Follow these steps to create and execute SQL statements on your SQLite database. For a complete reference see mozIStorageStatement.

Creating a statement

There are two ways to create a statement. If you have no parameters and the statement doesn't return any data, use mozIStorageConnection.executeSimpleSQL.


mDBConn.executeSimpleSQL("CREATE TABLE foo (a INTEGER)");

Otherwise, you should prepare a statement using mozIStorageConnection.createStatement:

nsCOMPtr<mozIStorageStatement> statement;
rv = mDBConn->CreateStatement(NS_LITERAL_CSTRING("SELECT * FROM foo WHERE a = ?1"),

var statement = mDBConn.createStatement("SELECT * FROM foo WHERE a = ?1");

This example uses the placeholder "?1" for a parameter to be bound later (see next section).

Once you have a prepared statement, you can bind parameters to it, execute it, and reset it over and over. If you are doing a statement many times, using a precompiled statement will give you a noticable performance improvement because the SQL query doesn't need to be parsed each time.

If you are familiar with sqlite, you may know that prepared statements are invalidated when the schema of the database changes. Fortunately, mozIStorageStatement detects the error and will recompile the statement as needed. Therefore, once you create a statement, you don't need to worry when changing the schema; all statements will continue to transparently work.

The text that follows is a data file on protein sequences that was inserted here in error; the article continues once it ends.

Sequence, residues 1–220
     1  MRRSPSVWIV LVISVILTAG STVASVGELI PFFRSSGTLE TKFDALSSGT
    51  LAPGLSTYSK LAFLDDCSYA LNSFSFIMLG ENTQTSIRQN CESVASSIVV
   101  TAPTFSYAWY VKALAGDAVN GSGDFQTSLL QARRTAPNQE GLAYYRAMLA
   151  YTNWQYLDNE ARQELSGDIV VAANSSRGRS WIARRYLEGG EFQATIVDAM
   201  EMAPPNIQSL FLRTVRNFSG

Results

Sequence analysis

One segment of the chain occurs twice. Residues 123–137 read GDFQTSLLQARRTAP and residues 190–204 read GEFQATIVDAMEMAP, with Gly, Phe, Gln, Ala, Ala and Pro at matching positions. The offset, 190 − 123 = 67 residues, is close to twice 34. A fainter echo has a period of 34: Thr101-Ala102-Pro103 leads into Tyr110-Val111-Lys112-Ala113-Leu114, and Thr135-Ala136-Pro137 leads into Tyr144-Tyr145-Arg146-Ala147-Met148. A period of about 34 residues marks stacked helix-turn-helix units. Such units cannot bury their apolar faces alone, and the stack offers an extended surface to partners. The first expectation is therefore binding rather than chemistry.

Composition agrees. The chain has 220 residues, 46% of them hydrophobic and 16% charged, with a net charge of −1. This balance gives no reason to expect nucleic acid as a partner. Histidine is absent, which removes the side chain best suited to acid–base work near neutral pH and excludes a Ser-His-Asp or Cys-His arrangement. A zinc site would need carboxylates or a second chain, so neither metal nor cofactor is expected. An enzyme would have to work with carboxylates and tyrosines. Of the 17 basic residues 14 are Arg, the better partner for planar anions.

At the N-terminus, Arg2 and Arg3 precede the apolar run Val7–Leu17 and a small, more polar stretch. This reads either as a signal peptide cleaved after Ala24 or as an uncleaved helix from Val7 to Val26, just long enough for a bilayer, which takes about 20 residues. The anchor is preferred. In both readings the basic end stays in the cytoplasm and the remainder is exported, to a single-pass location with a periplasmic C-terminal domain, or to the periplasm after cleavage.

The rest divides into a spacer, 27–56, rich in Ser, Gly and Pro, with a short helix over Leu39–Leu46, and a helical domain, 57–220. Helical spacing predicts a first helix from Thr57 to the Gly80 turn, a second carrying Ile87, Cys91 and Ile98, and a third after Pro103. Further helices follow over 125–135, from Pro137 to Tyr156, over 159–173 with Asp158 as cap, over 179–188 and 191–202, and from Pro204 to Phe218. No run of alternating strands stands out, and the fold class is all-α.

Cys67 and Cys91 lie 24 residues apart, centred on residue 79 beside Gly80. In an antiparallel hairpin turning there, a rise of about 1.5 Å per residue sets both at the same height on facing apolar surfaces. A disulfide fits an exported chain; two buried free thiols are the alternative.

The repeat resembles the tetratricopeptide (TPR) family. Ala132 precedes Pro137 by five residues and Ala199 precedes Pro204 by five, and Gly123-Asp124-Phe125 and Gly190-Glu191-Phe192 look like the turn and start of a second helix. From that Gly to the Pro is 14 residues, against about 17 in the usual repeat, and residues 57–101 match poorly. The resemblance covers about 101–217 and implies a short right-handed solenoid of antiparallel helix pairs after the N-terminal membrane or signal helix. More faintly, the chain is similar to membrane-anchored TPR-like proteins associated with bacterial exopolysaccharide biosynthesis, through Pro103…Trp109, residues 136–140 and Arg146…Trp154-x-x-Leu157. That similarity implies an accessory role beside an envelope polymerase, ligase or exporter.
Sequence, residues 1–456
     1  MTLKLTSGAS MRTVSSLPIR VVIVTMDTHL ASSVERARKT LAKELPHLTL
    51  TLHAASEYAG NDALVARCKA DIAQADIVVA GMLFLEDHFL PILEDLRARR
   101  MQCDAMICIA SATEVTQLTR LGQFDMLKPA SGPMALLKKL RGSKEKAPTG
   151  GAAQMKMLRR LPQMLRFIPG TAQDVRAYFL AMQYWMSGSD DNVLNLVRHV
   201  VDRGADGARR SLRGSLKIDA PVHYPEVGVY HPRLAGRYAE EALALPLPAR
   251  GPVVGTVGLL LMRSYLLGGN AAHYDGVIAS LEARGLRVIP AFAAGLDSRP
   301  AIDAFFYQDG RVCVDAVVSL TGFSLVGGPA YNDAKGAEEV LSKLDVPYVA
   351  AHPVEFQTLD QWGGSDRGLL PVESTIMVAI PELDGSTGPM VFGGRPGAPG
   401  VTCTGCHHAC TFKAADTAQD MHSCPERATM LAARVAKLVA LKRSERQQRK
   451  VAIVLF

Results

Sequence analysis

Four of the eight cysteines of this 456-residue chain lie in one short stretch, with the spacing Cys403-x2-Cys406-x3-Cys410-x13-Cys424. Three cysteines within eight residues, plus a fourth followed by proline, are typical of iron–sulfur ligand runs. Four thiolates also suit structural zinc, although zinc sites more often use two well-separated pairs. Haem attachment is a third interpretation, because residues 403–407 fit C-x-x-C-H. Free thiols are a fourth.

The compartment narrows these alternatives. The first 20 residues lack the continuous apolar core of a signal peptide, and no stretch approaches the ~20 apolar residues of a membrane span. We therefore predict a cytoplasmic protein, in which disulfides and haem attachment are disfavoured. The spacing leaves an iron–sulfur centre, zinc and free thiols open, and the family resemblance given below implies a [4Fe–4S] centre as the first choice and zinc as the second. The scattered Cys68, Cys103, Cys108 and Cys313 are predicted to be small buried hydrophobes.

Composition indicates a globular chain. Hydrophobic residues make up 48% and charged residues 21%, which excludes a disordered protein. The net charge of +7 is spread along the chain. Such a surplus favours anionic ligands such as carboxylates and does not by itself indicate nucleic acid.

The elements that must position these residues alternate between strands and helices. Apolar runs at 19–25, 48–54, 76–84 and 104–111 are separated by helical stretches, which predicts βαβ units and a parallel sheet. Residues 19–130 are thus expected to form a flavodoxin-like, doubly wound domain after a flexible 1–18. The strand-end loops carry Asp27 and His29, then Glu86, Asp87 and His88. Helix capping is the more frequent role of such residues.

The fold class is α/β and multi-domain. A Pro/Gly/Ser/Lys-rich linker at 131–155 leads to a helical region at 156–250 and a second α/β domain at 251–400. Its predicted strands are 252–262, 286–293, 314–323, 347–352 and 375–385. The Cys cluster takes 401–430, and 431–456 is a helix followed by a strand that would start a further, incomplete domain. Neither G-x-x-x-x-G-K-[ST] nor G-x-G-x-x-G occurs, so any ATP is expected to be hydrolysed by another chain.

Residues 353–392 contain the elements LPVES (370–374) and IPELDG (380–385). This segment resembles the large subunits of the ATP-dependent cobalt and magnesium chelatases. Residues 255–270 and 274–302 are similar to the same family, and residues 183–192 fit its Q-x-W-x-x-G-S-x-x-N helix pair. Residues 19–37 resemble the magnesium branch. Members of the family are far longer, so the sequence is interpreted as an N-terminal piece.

Binding parameters

It is generally best to bind all parameters separately rather than try to construct SQL strings on the fly containing the parameters. Among other things, this prevents SQL injection attacks, since a bound parameter can never be executed as SQL.

You bind parameters to a statement that has placeholders. The placeholders are addressed by index, starting from "?1", then "?2"... You use the statement functions BindXXXParameter(0) BindXXXParameter(1)... to bind to these placeholders.

Watch out: The indices in the placeholders count from 1. The integers passed to the binding functions count from 0. This means "?1" corresponds to parameter 0, "?2" corresponds to parameters 1, etc.

You can also use named parameter, like this ":example" instead of "?xx".

A placeholder can appear multiple times in the SQL string and all instances will be replaced with the bound value. Unbound parameters will be interpreted as NULL.

The examples below only use bindUTF8StringParameter() and bindInt32Parameter(). For list of all binding functions see mozIStorageStatement.

C++ example:

nsCOMPtr<mozIStorageStatement> statement;
rv = mDBConn->CreateStatement(NS_LITERAL_CSTRING("SELECT * FROM foo WHERE a = ?1 AND b > ?2"),
rv = statement->BindUTF8StringParameter(0, "hello"); // "hello" will be substituted for "?1"
rv = statement->BindInt32Parameter(1, 1234); // 1234 will be substituted for "?2"

JavaScript example:

var statement = mDBConn.createStatement("SELECT * FROM foo WHERE a = ?1 AND b > ?2");
statement.bindUTF8StringParameter(0, "hello");
statement.bindInt32Parameter(1, 1234);

If you use named parameters, you should use the getParameterIndex method to get the index of the named parameter. Here is a JavaScript example:

var statement = mDBConn.createStatement("SELECT * FROM foo WHERE a = :myfirstparam AND b > :mysecondparam");

var firstidx = statement.getParameterIndex(":myfirstparam");
statement.bindUTF8StringParameter(firstidx, "hello");

var secondidx = statement.getParameterIndex(":mysecondparam");
statement.bindInt32Parameter(secondidx, 1234);